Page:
It's All Greek to Me: Cyprus, Next on the EU Dole

♠ Posted by Emmanuel in , at 6/12/2012 09:03:00 AM
Erm, on second thought, let's not call it a "bailout" but a "bank recapitalization programme" to use the sort of euphemisms Spanish officials prefer as they too succumbed to the inevitable when you have overextended banks. To be sure, there are differences among [i] a balance-of-payments crisis (in which case the IMF would have been functioning in its more classic lender of last resort role), [ii] a fiscal crisis (in which case the government has taken on too much debt and cannot meet its repayment obligations) and [iii] a banking crisis (in which case your banks don't have enough spare cash to stay afloat after loans they've made that have gone bad). For the latter, it's to the EU you go such as with the case of Ireland or most recently Spain. True, BOP, fiscal and banking crises tend to occur simultaneously and cause confusion as to the underlying nature of the problem, but true connoisseurs of financial implosion such as readers of the IPE Zone should care about such differences. 

Today we line up another sucker of EU emergency funds in Cyprus. Based on the classification I have given above, its most pressing problem is [iii]. However, this occurrence is blowback from Greece's own woes which stem from [ii] during a period in which the Cyprus has been running large fiscal and current account deficits, too. Confusing, no? Remember that a lot of Cypriot's residents are of Greek descent. Plus, with a significant financial services industry by Eastern Mediterranean standards, it was only natural that its banks lent to many Greek concerns, all the while stocking up on Greek sovereign bonds. Having gorged its citizens on credit as well in that post-EMU accession euphoria alike many troubled economies doesn't help. The end result? Cyprus was made quite vulnerable to Greek default and its subsequent haircuts, the endgame of which is nearly upon us:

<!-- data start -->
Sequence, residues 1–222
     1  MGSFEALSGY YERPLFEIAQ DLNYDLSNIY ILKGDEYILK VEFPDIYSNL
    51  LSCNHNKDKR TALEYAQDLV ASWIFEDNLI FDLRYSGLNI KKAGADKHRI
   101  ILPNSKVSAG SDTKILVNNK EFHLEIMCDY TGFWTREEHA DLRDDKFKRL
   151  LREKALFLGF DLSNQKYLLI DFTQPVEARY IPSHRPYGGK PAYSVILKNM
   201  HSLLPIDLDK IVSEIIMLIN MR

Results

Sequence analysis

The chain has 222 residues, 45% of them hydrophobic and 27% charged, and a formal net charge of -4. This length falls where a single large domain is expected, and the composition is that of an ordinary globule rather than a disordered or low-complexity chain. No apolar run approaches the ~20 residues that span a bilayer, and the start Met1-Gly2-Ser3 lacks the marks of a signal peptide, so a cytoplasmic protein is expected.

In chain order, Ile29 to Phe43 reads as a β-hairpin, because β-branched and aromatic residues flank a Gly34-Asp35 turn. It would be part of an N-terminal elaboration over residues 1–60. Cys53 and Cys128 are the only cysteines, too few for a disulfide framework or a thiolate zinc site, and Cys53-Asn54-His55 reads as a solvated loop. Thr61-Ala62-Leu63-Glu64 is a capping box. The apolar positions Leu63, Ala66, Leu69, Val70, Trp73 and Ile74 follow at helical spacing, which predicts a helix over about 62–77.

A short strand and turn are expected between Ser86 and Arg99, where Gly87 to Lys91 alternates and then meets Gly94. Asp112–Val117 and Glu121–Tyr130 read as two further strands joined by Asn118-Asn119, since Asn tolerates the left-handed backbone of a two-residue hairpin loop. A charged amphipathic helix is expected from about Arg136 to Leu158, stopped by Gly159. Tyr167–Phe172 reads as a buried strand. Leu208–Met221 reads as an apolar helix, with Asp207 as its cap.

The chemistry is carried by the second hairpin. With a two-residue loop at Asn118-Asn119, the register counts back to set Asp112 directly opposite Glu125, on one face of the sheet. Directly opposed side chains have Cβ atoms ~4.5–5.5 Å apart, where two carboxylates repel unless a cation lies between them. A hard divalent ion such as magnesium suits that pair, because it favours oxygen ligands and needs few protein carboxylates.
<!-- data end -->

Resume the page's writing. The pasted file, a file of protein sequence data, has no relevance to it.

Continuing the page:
Cyprus said that it urgently needed European financial aid to boost its banks' capital, a step that would make it the fifth euro-zone economy to seek help from the region's bailout funds. Cyprus Finance Minister Vassos Shiarly said that the country's need for an international bailout was "exceptionally urgent" in order for it to recapitalize its banks, and that the issue would need to be resolved by the end of the month.

According to several European officials, the size of any bailout would be unlikely to exceed €3 billion to €4 billion ($3.8 billion to $5 billion), a sum that wouldn't strain the resources of the euro zone's bailout funds. The economy of Cyprus—an island of 800,000 people—is 1/60th the size of the economy of Spain, which said over the weekend that it would seek European funds to recapitalize its own banks.
What Cyprus will be seeking is a deal similar to that of Spain: as few as possible IMF-style conditionalities on how governments run their affairs but more EU discretion on restoring their banks' soundness--which again points to Cyprus' situation being a banking crisis first and foremost. Further, it will be interesting to see how this divided nation split between those of Greek and Turkish descent cope with resorting to the EU poorhouse. Clearly, many of the current woes stem a lot from the Greek faction, so finger-pointing naturally inflames longstanding tensions between Greek and Turkish Cypriots who still don't get along for the most part.